Gastrointestinal Cancers in focus

Gastrointestinal Cancers in focus

Introduction to GI cancer

This page provides an overview of gastrointestinal (GI) cancers, the associated disease burden and clinical considerations relating to the most common GI tumor types.

GI tract cancer is a collective term used to describe cancers that affect the digestive system. Worldwide, the most commonly diagnosed GI cancers include: colorectal cancer (CRC), gastric cancer, liver cancers (e.g. hepatocellular carcinoma [HCC]), esophageal cancer and pancreatic cancer.1

Less common GI cancers include those affecting the anus, appendix, bile duct, gallbladder and small intestine,2,3 as well as GI neuroendocrine tumors (NETs) and stromal tumors (GISTs), which are characterized by their cell type of origin.4,5

Watch Dr Victoria Zazulina (Corporate VP and Global Head of Oncology Medicine) discuss Boehringer Ingelheim’s research focus on GI cancers in the video below.

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Dr Victoria Zazulina explains why treating GI cancers represents an area of focus for Boehringer Ingelheim. Video filmed in 2019.

Disease burden

GI cancers are responsible for more cancer-related deaths than any other type of cancer.6 In 2020, they accounted for an estimated 3.5 million deaths worldwide, with a further 5.0 million new cases diagnosed in the same year.6

Common GI cancers: global incidence and mortality6

Global GI cancer incidence and mortality

*Global data, both sexes, all ages; **CRC, gastric cancer, esophageal cancer, pancreatic cancer and liver cancer.

CRC, colorectal cancer; GI, gastrointestinal.

Common types of GI cancer

CRC is the most common type of GI cancer, with 1.9 million new cases diagnosed worldwide in 2020, making it the third most common of all organ cancers, after lung and breast.6

In the same year, gastric (or stomach), liver, esophageal and pancreatic cancers were ranked the fifth, sixth, eighth and twelfth most commonly diagnosed cancers, with 1.1, 0.9, 0.6 and 0.5 million new cases worldwide, respectively.6

Incidence of common GI cancers in 20206

Incidence of common GI cancers

CRC, colorectal cancer; GI, gastrointestinal.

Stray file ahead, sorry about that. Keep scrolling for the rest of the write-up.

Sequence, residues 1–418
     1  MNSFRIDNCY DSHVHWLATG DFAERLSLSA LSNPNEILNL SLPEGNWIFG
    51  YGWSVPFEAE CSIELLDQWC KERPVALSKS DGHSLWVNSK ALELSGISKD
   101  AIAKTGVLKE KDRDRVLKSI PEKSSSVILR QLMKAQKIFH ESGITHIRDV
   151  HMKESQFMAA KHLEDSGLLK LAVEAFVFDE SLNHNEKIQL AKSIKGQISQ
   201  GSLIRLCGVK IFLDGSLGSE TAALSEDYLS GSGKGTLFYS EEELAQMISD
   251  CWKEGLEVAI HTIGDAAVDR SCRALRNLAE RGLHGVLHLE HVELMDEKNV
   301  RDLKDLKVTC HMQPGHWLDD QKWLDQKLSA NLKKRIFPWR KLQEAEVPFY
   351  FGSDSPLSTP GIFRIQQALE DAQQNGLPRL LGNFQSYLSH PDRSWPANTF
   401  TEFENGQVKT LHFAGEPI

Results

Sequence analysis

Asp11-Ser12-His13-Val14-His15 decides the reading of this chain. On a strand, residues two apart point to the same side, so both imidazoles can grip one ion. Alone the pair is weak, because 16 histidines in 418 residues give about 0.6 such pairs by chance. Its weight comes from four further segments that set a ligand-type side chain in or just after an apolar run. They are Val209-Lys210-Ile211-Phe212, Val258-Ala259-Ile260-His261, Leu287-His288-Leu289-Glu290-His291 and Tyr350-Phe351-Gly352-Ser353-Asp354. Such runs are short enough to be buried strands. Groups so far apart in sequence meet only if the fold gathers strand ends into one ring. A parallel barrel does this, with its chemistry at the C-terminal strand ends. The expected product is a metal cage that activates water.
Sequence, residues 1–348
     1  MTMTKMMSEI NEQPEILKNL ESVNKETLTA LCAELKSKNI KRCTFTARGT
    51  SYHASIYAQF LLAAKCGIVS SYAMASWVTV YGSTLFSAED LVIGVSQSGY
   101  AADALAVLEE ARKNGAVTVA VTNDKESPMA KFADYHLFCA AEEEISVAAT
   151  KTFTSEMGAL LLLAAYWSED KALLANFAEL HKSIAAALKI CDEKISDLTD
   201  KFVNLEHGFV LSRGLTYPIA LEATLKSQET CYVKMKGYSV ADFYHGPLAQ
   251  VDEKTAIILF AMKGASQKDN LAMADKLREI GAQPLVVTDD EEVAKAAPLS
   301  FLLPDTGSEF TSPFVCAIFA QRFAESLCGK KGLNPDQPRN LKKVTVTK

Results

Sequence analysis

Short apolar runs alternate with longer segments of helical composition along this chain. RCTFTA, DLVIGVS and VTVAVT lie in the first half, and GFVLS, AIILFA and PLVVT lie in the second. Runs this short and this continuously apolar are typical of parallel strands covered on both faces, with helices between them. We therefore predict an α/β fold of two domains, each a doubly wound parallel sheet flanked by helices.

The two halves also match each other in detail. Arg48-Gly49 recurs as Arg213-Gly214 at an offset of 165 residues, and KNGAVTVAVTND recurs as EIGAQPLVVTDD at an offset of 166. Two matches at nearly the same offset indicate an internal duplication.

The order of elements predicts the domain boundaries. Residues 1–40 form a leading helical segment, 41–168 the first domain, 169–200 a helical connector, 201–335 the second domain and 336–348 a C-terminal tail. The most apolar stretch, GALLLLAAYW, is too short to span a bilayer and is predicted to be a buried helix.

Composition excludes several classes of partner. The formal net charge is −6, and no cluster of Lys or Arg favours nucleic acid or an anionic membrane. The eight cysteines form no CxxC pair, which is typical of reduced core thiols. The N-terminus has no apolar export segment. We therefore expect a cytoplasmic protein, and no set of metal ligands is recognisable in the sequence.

Common GI cancers ‘at a glance’

CRC

CRC occurs when a growth in the lining of the large intestine (colon), or at its end (rectum), becomes cancerous. It is one of the leading causes of cancer-related deaths in men and women, worldwide.6

Approximately 25% of patients with CRC present with metastases at the time of initial diagnosis, and almost a half go on to develop metastases at some point, contributing to its high mortality rate.7

Location of the colon and rectum within the digestive system

Location of the colon and rectum within the digestive system

Common symptoms include: changes in bowel habits, general or localized abdominal pain, weight loss without other specific causes, weakness, iron deficiency and anemia.8

 

Risk factors include: age, inflammatory bowel disease, family history, elevated body mass index, reduced physical activity, alcohol consumption and cigarette smoking, as well as a number of dietary factors. High consumption of processed and red meat is thought to contribute to increased risk, while high fruit and vegetable intake is thought to confer protection9

 

Staging: staging of metastatic CRC should include clinical examination, blood counts, liver and renal function tests, carcinoembryonic antigen evaluation, and a computed tomography (CT) or magnetic resonance imaging (MRI) scan of the abdomen and chest.7 Additionally, a colonoscopy is often performed as part of initial diagnostic procedures.8 The optimum therapeutic strategy is further determined by an evaluation of the patient’s general condition, organ function and presence of any relevant comorbid (non-malignant) diseases.7

 

Management (first-line standard of care):

  • Early-stage disease:
    • Colon cancer: surgery is the standard of care, followed by adjuvant chemotherapy according to the patient’s overall risk profile8
    • Rectal cancer: a curative treatment approach is possible based on surgery, often with chemoradiation10